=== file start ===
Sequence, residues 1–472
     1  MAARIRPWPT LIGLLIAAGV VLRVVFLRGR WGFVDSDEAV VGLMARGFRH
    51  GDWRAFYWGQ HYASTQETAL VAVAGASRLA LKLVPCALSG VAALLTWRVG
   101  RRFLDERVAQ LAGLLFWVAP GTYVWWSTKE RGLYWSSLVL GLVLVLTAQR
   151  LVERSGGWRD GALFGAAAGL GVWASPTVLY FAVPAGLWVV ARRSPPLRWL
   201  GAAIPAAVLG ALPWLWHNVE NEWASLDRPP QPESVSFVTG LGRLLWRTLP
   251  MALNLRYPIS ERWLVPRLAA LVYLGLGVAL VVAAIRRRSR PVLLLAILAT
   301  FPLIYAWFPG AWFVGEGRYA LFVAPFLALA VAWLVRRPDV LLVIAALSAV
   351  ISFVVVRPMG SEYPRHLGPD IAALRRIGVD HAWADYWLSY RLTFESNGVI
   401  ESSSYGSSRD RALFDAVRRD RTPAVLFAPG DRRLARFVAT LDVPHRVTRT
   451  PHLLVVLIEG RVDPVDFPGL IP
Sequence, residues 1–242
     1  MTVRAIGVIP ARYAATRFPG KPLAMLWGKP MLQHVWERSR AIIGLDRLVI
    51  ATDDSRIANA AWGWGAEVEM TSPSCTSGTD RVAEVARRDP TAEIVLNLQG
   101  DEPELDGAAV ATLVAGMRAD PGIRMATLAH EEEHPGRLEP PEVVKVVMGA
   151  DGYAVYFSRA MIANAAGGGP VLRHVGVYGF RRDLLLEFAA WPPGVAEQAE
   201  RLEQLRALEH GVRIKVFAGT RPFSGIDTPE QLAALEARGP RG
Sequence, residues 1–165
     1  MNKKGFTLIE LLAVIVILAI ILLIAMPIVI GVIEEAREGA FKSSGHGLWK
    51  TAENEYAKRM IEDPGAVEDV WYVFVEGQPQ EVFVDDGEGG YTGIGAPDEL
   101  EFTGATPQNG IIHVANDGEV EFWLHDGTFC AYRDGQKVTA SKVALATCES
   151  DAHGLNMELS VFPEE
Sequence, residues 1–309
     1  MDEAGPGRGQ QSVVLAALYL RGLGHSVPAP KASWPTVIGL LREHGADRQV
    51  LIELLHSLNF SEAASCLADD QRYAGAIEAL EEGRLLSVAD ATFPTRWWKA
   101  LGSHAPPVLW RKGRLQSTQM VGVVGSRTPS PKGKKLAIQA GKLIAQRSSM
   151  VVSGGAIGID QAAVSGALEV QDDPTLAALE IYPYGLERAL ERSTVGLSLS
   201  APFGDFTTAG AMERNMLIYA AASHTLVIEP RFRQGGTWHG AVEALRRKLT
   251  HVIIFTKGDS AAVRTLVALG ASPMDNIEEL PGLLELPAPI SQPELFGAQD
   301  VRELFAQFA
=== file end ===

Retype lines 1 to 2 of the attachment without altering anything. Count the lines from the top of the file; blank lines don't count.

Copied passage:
Sequence, residues 1–472
     1  MAARIRPWPT LIGLLIAAGV VLRVVFLRGR WGFVDSDEAV VGLMARGFRH